4. I am charmed by both photographs! How wonderful to have such a visual to your family’s history. He has a strong but gentle look and the hint of a smile it seems to me. He must have been a renaissance man to be a talented painter and seller of sewing machines. I wonder if perhaps the sewing machines could have had something to do with carriage upholstery, the extension of his business in another direction. I am always fascinated at thinking of when someone lived, how the history of their time must have touched their lives. All that was happening around them as they sought to make their way in the world. He lived through much. These are wonderful shares Brad 😊

    Liked by 3 people

    1. Thank you so much, Suzanne! I never considered upholstery before, but that makes perfect sense. Ivan would have done all sorts of repairs, from carpentry and mechanical work to more artistic elements such as painting and decoration. His son, my great-grandfather, went on to become a machine tool repairman and amateur painter (artist). He even painted porcelain. Women were as industrious and creative as men, if not more so. Self-reliance was both practical and a matter of pride. I bet you’ve got some creative people in your family tree! 🙂

      Liked by 2 people

  5. Not only are the photos and post immensely interesting, so are the comments made by other history enthusiasts.

    He looks sophisticated, composed and handsome. How wonderful to have this visual connection to your great-great grandfather!

    Liked by 2 people

  6. I’ve looked and looked at this photo, and I can’t get over the feeling that his expression seems enigmatic because his eyes are tracking just slightly differently. He’s not cross-eyed, exactly, but there’s just “something” about his eyes I can’t pinpoint. His vision had to be fine, given his occupation, but it’s still interesting.

    I was intrigued by the phrase “copying and landscape photography.” I’ve never heard that. Do you know what the “copying” might have been?

    I have a tintype of my great-great grandfather and grandmother and their three daughters. It came to me without any frame or holder, and with no documentation, so I know the names of the girls, but not which is which. One of them was a real character, though, and so at least in my imagination I “know” which one she is.

    Liked by 2 people

    1. You’re right about his eyes. I noticed the same thing in the portrait of Kate Sharp in the previous post, and her left eye also appears to be slanted upward rather dramatically in the close-up (https://tokensofcompanionship.blog/2019/02/19/kate-sharp-in-rothesay-isle-of-bute-scotland-1890/).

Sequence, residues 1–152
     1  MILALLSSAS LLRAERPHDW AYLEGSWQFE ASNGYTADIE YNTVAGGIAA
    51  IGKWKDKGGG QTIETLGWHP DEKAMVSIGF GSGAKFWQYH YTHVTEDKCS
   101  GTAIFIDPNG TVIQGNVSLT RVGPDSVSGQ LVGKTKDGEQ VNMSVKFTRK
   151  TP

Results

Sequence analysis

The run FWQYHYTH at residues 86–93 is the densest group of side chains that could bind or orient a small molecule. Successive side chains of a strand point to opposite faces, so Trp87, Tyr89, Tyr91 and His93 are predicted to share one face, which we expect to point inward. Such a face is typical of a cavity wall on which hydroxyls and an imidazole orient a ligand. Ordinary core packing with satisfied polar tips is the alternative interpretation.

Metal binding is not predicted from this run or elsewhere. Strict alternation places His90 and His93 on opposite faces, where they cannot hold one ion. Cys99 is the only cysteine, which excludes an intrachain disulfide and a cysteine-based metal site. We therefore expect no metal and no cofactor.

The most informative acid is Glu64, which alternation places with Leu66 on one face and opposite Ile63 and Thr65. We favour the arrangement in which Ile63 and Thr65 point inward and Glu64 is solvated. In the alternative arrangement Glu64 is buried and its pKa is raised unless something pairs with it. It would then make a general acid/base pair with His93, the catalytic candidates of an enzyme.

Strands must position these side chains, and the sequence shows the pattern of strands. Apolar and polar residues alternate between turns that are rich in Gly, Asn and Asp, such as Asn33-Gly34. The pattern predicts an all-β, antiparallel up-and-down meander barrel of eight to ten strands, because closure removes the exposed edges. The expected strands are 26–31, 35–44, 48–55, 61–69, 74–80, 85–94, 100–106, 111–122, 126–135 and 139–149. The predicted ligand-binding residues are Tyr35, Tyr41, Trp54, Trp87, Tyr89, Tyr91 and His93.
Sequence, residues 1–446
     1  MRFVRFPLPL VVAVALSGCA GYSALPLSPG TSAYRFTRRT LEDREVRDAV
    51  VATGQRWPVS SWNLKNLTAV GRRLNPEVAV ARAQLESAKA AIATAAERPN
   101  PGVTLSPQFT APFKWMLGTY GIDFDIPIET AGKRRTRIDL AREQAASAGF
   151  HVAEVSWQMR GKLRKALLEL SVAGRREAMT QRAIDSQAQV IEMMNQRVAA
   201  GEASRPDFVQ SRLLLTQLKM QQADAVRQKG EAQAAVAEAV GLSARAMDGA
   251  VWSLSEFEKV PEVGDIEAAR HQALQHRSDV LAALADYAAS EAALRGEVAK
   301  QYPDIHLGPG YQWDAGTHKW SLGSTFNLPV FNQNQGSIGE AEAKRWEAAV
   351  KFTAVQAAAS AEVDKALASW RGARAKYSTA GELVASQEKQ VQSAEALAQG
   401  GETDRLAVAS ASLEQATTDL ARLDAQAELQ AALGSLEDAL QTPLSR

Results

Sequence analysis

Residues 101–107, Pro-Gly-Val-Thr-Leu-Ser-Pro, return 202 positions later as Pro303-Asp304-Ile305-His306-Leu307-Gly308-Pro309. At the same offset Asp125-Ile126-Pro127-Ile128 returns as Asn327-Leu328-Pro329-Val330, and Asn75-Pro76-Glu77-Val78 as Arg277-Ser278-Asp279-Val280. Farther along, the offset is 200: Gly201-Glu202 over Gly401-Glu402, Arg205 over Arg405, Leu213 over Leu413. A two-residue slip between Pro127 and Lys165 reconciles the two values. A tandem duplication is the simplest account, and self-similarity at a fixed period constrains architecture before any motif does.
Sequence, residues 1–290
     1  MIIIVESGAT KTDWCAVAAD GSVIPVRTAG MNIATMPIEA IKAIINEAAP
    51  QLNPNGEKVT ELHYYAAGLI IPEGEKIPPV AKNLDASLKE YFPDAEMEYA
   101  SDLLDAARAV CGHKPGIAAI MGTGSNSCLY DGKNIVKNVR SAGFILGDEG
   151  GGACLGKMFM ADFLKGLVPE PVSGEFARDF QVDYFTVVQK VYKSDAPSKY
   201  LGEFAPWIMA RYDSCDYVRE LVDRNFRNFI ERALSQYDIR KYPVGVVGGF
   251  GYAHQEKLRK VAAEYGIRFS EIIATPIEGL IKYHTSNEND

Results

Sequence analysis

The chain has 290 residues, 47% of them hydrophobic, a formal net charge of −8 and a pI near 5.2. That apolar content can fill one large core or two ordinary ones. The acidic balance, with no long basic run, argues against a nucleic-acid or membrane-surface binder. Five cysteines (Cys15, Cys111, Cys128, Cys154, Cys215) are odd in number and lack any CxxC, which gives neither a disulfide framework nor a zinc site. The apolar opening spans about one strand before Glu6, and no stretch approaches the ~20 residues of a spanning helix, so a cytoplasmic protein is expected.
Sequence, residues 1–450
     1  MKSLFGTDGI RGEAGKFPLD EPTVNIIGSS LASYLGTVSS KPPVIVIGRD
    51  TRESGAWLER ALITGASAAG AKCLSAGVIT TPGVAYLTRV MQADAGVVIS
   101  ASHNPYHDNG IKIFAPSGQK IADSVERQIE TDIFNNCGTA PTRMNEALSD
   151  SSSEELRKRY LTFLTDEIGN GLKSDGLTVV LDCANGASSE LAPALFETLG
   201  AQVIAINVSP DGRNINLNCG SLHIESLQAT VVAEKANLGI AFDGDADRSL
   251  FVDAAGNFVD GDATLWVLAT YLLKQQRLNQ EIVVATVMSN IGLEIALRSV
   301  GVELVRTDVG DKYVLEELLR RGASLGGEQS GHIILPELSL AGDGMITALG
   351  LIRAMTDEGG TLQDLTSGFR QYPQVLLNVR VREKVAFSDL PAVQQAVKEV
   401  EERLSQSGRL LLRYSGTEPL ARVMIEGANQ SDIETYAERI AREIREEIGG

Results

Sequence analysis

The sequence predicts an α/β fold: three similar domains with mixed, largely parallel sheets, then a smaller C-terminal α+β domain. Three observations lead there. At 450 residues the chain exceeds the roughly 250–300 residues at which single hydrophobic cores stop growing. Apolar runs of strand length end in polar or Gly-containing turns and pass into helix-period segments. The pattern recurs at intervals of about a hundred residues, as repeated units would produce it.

“Copying” probably just means making copies of photographs by taking photos of them, which was common practice, although the copies were never as good as the originals. Daguerreotypes were often reproduced as cartes-de-visite that way.

      It’s wonderful that you have a tintype of your great-great-grandparents! It always makes me glad to hear things like that. So many of those early photos are floating around in shops or in the collections of strangers.

      Liked by 1 person

  7. So interesting and exciting to be able to go back in time with the help of old photographs. That it’s also your own historical background you find is amazing. Thank you for sharing Brad!!

    Liked by 2 people

      1. Oh my gosh!! I know exactly where that is! Thank you for letting me know. I’ll have to make time to take a closer look at that street. I think it’s great that you’re keeping the stories of these historic photos alive.

        Liked by 2 people

    1. Hi, Jewel! I’m just down the road in Nottingham, and I’ve made a note to look for the original location of the building as well! When I looked on Google Satellite, it seems as though the original building has been replaced by townhouses.

      Liked by 2 people

      1. Hello, Elizabeth! Yes, I thought it was they road so I checked the map and, sure enough….I was just speaking about this with a co-worker yesterday. How unfortunate it was they put those up. So much history in this region.

        Liked by 2 people

Leave a Reply

Fill in your details below or click an icon to log in:

WordPress.com Logo

You are commenting using your WordPress.com account. Log Out /  Change )

Google photo

You are commenting using your Google account. Log Out /  Change )

Twitter picture

You are commenting using your Twitter account. Log Out /  Change )

Facebook photo

You are commenting using your Facebook account. Log Out /  Change )

Connecting to %s

Blog at WordPress.com.

Up ↑

%d bloggers like this: